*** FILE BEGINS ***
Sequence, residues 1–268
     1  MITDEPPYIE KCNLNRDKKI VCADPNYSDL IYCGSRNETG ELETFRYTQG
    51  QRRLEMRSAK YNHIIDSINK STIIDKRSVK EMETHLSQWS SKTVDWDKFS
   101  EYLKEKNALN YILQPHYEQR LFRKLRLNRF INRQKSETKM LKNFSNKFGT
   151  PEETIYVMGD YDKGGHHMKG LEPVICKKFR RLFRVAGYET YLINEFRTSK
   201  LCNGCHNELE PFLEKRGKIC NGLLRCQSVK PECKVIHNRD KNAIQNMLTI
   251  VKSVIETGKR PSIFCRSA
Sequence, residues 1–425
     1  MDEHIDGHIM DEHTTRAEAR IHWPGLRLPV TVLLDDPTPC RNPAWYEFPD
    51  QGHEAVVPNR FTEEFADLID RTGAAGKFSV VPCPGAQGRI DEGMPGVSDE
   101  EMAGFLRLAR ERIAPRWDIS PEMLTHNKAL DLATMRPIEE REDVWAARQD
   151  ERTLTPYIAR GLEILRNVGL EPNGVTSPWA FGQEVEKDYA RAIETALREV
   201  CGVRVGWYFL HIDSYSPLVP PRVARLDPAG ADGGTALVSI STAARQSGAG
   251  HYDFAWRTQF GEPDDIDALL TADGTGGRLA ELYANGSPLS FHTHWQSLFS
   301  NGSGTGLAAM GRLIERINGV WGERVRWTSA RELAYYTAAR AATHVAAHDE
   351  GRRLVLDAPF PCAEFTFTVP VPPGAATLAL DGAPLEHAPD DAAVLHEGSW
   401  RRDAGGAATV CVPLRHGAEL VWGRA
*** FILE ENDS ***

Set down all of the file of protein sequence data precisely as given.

Sequence, residues 1–268
     1  MITDEPPYIE KCNLNRDKKI VCADPNYSDL IYCGSRNETG ELETFRYTQG
    51  QRRLEMRSAK YNHIIDSINK STIIDKRSVK EMETHLSQWS SKTVDWDKFS
   101  EYLKEKNALN YILQPHYEQR LFRKLRLNRF INRQKSETKM LKNFSNKFGT
   151  PEETIYVMGD YDKGGHHMKG LEPVICKKFR RLFRVAGYET YLINEFRTSK
   201  LCNGCHNELE PFLEKRGKIC NGLLRCQSVK PECKVIHNRD KNAIQNMLTI
   251  VKSVIETGKR PSIFCRSA
Sequence, residues 1–425
     1  MDEHIDGHIM DEHTTRAEAR IHWPGLRLPV TVLLDDPTPC RNPAWYEFPD
    51  QGHEAVVPNR FTEEFADLID RTGAAGKFSV VPCPGAQGRI DEGMPGVSDE
   101  EMAGFLRLAR ERIAPRWDIS PEMLTHNKAL DLATMRPIEE REDVWAARQD
   151  ERTLTPYIAR GLEILRNVGL EPNGVTSPWA FGQEVEKDYA RAIETALREV
   201  CGVRVGWYFL HIDSYSPLVP PRVARLDPAG ADGGTALVSI STAARQSGAG
   251  HYDFAWRTQF GEPDDIDALL TADGTGGRLA ELYANGSPLS FHTHWQSLFS
   301  NGSGTGLAAM GRLIERINGV WGERVRWTSA RELAYYTAAR AATHVAAHDE
   351  GRRLVLDAPF PCAEFTFTVP VPPGAATLAL DGAPLEHAPD DAAVLHEGSW
   401  RRDAGGAATV CVPLRHGAEL VWGRA